Are all fats equal in heart disease risk? New veteran study suggests not

In a recent study published in The American Journal of Clinical Nutrition, a group of researchers in the United States investigated the impact of different types and amounts of dietary fatty acids on the incidence of atherosclerotic cardiovascular diseases (ASCVDs) in a large cohort of United States (U.S.) veterans.

Study: Association of dietary fatty acids with the risk of atherosclerotic cardiovascular disease in a prospective cohort of United States veterans. Image Credit: Corona Borealis Studio / ShutterstockStudy: Association of dietary fatty acids with the risk of atherosclerotic cardiovascular disease in a prospective cohort of United States veterans. Image Credit: Corona Borealis Studio / Shutterstock

Background 

ASCVDs lead global adult deaths, with diet playing a crucial role. Current guidelines generalize fat intake, categorizing fats (saturated, trans, cis, and conjugated) without considering individual fatty acids (FAs) unique effects. This oversimplification ignores varying health impacts, evidenced by recent research challenging traditional views on dietary fats and heart health. Thus, understanding individual FAs' specific influences on ASCVD is critical, necessitating further research for refined dietary recommendations and policies.

About the study

The Million Veteran Program (MVP), initiated in January 2011, had enrolled 702,740 veterans by November 2018. This study focused on the 352,874 individuals who completed the MVP Lifestyle Survey, reporting on their habitual dietary intake. The study excluded participants with pre-existing conditions like ASCVD or cancer, leading to a final cohort of 158,198 for analysis. The median follow-up period was 3.4 years, with all procedures complying with Department of Veterans Affairs policies.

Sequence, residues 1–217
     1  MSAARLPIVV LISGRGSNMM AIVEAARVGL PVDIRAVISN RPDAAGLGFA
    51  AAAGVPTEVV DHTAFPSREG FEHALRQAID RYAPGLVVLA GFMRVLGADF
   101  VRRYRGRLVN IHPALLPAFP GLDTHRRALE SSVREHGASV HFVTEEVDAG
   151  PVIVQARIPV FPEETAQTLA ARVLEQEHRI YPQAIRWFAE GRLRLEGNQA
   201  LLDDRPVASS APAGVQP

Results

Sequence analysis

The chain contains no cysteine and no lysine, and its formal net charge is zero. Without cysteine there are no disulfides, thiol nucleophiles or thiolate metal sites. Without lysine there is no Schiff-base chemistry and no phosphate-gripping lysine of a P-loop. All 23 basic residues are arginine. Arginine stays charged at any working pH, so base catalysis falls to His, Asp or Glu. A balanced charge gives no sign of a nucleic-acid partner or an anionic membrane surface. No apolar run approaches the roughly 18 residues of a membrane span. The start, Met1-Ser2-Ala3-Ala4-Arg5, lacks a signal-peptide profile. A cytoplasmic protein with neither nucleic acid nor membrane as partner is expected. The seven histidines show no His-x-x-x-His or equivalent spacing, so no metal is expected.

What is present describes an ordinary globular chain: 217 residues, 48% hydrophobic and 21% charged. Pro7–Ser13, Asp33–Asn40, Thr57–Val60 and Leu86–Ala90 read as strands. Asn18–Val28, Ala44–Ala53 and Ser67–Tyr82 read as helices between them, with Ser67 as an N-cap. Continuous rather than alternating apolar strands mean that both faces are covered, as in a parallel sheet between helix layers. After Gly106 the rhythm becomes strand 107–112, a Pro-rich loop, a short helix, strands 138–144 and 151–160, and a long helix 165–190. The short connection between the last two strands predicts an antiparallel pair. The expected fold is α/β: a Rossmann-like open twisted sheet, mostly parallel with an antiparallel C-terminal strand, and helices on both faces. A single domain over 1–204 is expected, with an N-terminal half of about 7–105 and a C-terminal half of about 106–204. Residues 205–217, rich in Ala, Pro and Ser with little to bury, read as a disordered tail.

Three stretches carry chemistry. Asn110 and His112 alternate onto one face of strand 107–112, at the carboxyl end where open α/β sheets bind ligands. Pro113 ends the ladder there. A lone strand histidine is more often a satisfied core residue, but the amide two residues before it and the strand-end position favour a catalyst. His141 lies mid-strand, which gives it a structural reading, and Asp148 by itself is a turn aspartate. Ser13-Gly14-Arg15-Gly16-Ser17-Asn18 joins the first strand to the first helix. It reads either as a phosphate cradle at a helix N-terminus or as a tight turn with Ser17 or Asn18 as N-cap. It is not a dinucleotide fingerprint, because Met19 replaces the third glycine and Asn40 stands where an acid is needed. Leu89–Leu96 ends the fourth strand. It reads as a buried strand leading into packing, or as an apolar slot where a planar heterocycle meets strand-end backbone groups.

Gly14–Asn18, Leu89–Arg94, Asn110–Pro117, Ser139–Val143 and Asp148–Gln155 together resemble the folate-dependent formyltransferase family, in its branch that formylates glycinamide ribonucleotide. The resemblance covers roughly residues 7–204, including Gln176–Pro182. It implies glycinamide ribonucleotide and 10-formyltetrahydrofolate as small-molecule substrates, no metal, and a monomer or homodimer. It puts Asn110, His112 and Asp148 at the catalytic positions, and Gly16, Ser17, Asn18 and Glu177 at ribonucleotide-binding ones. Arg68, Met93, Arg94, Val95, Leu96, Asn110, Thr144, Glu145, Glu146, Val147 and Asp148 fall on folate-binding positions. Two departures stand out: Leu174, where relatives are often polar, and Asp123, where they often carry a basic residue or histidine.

Dietary intake was assessed using a validated Food Frequency Questionnaire (FFQ), which surveyed participants on their average consumption frequency of 61 different foods over the previous year. Intakes of 27 commonly consumed fatty acids and nutrients were then calculated using the Harvard University Food Composition Table. For this study, fat intake was expressed as a percentage of total daily caloric intake.

Various covariates were assessed, including demographics, lifestyle, and medical history, gathered from the Lifestyle Surveys or the Corporate Data Warehouse and MVP Baseline. Body Mass Index (BMI) was calculated, and electronic health records were used for additional data like statin use. ASCVD outcomes were determined based on the International Classification of Diseases (ICD)9 and ICD10 codes from Veterans Affairs electronic health records, with fatalities from the National Death Index used for censoring.

The study outlined a precise chemical analysis at the Harvard T.H. Chan School of Public Health to measure fatty acid content in oils and fats, using extraction, multiple chemical steps, and GC-FID analysis.

The study employed Cox proportional hazard models for statistical analysis, calculating person-time from FFQ completion to the initial ASCVD incident, coronary procedures, or censoring. Participants were divided into quintiles based on the percentage of calories from various fats. Adjustments were made for factors like demographics, health, lifestyle, and medication. The analysis, conducted via SAS Enterprise Guide 8.3, also examined the effects of substituting fats or macronutrients on ASCVD risk, setting statistical significance at a P value under 0.05 and applying the Bonferroni correction for multiple comparisons.